Gainesville Sun Article, May 25, 2002 by Sun Staff Writer, Ron Matus:

A State Agency Maintains that Suwannee American Cement has not Obeyed the Terms of a 1999 Settlement:
State environmental officials and the company building a cement plant near the Ichetucknee River are clashing again, this time over air pollution monitoring data the company agreed it would have before the plant could open. In an unusually blunt letter to the company Friday, the Department of Environmental Protection said without the data, company plans to operate the controversial plant are "in serious jeopardy."

Officials with Suwannee American Cement fear the latest dispute with DEP may delay the plant's opening as long as two years, with millions of dollars in lost sales. "You're talking about a $100 million investment here," said company spokesman Jim McClellan. At issue is a 1999 settlement agreement between Suwannee American and DEP. The agency agreed to give the plant a permit – – and reverse a decision to deny the permit five months earlier – – in return for a list of concessions, including a company promise to provide more than two years" worth of background air pollution data before the plant starts burning coal to make cement. The data would allow the state to compare pollution levels before and after the plant begins to operate.

Suwannee American says it hasn't been able to provide the data because two sophisticated pollution monitors it bought from an Atlanta company in 2000 turned out to be, in the words of Suwannee's consultant, "lemons." "If we knew we were going to have the continuous problems...we would have gotten some other monitors," said John Koogler with Gainesville – based Koogler & Associates. Koogler said he finally "got the bugs worked out" in March, which would give the company nine months' worth of data before the plant's anticipated opening early next year.

The company promised 27 months worth of data in the settlement. In March, DEP fined Suwannee American $15,000 for not having the monitors up and running as promised. On Friday, it issued an ominous warning. "Because this data collection requirement is intended to provide important baseline air quality information before the plant becomes operational, your ability to bring the plant on line is in serious jeopardy," wrote DEP Deputy Secretary Allan Bedwell to plant manager Robert Sagmeister. "While additional legal notices regarding this issue are forthcoming, do not make plans or have any expectations to test or operate the plant in question until this issue is resolved."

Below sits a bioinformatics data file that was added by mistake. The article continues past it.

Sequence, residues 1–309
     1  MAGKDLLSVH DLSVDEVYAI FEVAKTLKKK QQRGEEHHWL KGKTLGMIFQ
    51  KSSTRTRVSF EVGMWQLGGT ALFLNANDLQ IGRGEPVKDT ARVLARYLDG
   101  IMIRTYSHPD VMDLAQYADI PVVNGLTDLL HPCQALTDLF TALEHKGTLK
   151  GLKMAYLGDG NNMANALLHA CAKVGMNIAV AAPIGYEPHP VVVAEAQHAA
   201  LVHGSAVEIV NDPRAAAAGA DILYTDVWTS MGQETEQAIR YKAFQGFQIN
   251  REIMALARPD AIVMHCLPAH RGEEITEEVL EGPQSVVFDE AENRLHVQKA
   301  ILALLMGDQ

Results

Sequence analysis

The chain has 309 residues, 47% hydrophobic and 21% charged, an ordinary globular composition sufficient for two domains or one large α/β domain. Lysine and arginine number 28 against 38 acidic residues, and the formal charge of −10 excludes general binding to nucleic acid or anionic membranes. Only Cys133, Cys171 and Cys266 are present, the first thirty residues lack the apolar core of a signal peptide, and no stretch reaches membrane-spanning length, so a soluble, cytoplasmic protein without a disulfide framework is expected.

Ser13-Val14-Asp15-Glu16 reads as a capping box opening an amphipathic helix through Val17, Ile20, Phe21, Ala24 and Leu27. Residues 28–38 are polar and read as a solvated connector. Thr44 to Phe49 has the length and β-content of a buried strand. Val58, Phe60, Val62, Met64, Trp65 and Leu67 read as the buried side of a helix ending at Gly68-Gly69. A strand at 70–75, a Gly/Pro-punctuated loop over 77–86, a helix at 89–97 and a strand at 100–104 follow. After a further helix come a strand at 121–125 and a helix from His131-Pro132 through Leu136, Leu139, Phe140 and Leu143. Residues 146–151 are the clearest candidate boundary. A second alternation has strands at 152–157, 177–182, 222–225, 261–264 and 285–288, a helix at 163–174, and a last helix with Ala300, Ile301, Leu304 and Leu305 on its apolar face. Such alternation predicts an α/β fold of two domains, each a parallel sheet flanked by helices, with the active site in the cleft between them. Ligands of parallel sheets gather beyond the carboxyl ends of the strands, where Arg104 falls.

The letter's tone rattled company officials. "This didn't just come out of left field," McClellan said. "This came out of the cheap seats." Koogler called it "a Friday afternoon shocker." McClellan said the company was trying to arrange a meeting with DEP as soon as possible to "find some reasonable solution." "The question that needs to be asked is: Are we holding up this business and these jobs for legitimate scientific reasons," he said, "or is this an arbitrary time period?" DEP Secretary David Struhs could not be reached for comment Friday afternoon. Other DEP officials who were reached said they could not comment or were not familiar with Bedwell's letter.

The flare – up is the latest round in a 3 and one half year battle between DEP and Suwannee American, an affiliate of Lake City road builder Anderson Columbia Inc. In June 1999, DEP stunned environmentalists by denying a permit, saying the company could not provide "reasonable assurance" it would operate the plant safely because of Anderson Columbia's long list of environmental violations. It was the first time DEP had denied a permit on those grounds. But the settlement agreement was announced five months later. Now the plant is under construction off U.S. 27 in Suwannee County, 3 miles west of the Ichetucknee River and 40 miles north of Gainesville. It will burn 100,000 tons of coal and used tires each year and employ 80 people.

The monitors required in the settlement measure particulates, dust – like pollutants that can cause lung problems if inhaled.  Koogler said the monitors collected data while they were on the fritz, just not as much as DEP requires.  There is still enough information for the agency to know what typical background levels are for particulates in that area, he said.  Getting data over a longer period of time will allow DEP to see the ups and downs in pollution levels during different seasons, when winds, rain and other weather conditions come into play.

The latest development surprised both critics and supporters.  But Tallahassee activist Linda Young, a leading opponent of the plant, remained skeptical about DEP's intentions.  "Don't believe it for a second," she said about the agency's new attitude. If DEP intended to enforce the settlement agreement, it would have jumped on the company just a few months after it was signed, when Anderson Columbia was being cited for environmental violations on a road project in the Panhandle.  The dispute in that case remains unresolved and likely to head to court.  The Friday letter is "posturing and bluffing and boob – dazzling the public," she said. "When the rubber hits the road, they're going to cave to political pressure."

At least one Suwannee County commissioner who strongly supported the plant gave DEP a thumbs up.  "I'd have a problem if DEP allowed a company to open without meeting the agreement," said Commissioner Doug Udell.  As for the jobs, "You can't miss what you don't have," he said.